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Brazil Asks SA To Lift Beef Import Ban

02 November 2009

BRAZIL - Brazil is lobbying South Africa to lift a ban on beef and pork imports, which have been in place since the outbreak of foot-and-mouth disease (FMD) in Brazil in October 2005.

“We hope to solve at least the beef embargo by year-end,” the head of the trade section at the Brazilian embassy in Pretoria, Mari Carmen, told the The South African Farmer's Weekly at a recent Brazilian trade fair. Several countries have since lifted their embargoes fully or partially.

There is increased pressure on South Africa to resolve the issue, with complaints at the World Trade Organisation likely if progress is not made soon. However, the South African authorities still have concerns about certain health and safety issues.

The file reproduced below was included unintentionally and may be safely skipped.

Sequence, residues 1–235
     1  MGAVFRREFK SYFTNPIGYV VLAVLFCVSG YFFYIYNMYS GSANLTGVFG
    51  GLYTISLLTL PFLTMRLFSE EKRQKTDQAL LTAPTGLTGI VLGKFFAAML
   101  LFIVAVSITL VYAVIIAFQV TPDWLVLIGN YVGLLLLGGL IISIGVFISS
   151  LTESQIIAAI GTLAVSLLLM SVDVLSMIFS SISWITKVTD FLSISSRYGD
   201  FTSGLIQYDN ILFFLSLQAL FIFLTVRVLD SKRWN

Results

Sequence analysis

Meanwhile, South Africa is keen to deepen relations with Brazil – one of the first countries President Jacob Zuma visited after his inauguration. Re-opening the South African market for Brazilian meat imports will be imperative in this regard.

The ratification of a preferential trade agreement between the Southern African Customs Union (Sacu), where South Africa is the largest member, and Mercosur, with Brazil as the economic powerhouse, is also high on South Africa’s agenda. Any trade tiffs can delay the implementation of this agreement, something South Africa would like to avoid. Director at the SA Meat Industry Company (Samic) Tim Davidson said imported meat must meet certain health and safety criteria, and the ban will only be lifted once veterinary services is convinced that Brazilian meat holds no threat to the national herd.

Brazilian beef remains a thorny issue in the European Union (EU), where several ranches have been approved to restart exports to the EU. But concerns remain that these ranches don’t comply with strict EU regulations, with a lack of traceability being the main concern.

TheCattleSite News Desk



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